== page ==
By juxtaposing poker pros with actors and augmenting meticulous research with a well-defined story arc, Hanson is aiming to create a poker film with parallels to The Hustler (without being too much like the great Jackie Gleason vehicle). But there's just one catch: as Hanson and Fenelon take pains to point out, this is not a poker film per se. "Curtis and I are lifelong players of poker," says Fenelon, sitting in a corner of the Venetian poker room, eyeing a Hold'em game that she might jump into (her preference is No-Limit Hold'em with a $200 buy-in and $2/$4 blinds). "We had been looking for a poker script for the last 10 years. But we wanted a story about human relationships based in the world of poker. We wanted to provide an authentic glimpse of what real-life poker players do on a day-to-day basis and how they go about earning their living and what the pitfalls and upsides are of their career choice."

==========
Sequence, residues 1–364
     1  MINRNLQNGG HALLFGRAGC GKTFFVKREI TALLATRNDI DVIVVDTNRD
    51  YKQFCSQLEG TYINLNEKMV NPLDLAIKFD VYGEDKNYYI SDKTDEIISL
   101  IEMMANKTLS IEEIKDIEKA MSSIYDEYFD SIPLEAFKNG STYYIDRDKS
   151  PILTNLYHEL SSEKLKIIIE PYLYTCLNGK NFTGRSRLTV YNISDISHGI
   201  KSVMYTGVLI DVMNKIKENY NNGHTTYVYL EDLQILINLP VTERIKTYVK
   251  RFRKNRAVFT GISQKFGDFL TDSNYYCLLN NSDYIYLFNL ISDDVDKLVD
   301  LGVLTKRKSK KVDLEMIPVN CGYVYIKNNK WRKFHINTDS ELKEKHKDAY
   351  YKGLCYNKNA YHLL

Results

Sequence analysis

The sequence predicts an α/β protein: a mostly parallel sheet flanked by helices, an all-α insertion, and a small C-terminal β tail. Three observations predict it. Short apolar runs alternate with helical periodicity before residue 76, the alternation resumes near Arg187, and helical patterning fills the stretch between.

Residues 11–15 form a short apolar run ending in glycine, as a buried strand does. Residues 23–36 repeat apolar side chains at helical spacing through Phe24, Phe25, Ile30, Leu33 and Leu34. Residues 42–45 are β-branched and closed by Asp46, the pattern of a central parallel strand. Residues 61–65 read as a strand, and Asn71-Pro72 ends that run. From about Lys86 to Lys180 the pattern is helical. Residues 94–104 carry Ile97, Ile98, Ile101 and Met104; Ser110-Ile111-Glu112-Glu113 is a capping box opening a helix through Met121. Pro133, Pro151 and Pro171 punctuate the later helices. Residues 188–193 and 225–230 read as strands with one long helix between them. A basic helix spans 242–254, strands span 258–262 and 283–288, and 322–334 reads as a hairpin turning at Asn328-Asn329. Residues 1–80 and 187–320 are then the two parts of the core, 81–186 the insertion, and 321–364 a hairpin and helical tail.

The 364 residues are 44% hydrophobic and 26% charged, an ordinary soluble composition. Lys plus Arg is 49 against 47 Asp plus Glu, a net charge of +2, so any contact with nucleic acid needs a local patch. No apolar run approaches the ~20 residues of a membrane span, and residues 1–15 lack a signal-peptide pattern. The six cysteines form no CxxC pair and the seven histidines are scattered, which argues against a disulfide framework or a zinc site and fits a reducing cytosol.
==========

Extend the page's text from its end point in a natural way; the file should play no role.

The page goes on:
When Hanson and Fenelon first saw Roth's script, it was 2002, prior to the poker boom, but they were suitably sold on the story that they quickly contracted to make the movie. However, as is invariably the case, the script (which initially focused more heavily on the world of gambling) got tweaked along the way. Rather than zeroing in on the game's underbelly, à la Rounders, Hanson wanted to take a higher road. "We look at poker as a metaphor for human relationships, for business, for a lot of things; we don't think of it as a casino game so much as we think of it as a competition that pits people against one another," says Fenelon, who's quick to point out that Hanson's and her company is called Deuce Three Productions. "Curtis wanted to emphasize the strong skill set required for people who play poker well. He wanted to explore why people play, what it is that excites them, how the skills you develop at the table help your skill sets for personal relationships." Fenelon lets this hang in the air for a beat before providing a piece of the human story within the Lucky You script: "Or, in fact, is it the opposite skill set [that you develop as a poker player], and is that the reason why a lot of poker players tend to be recluses or loners?"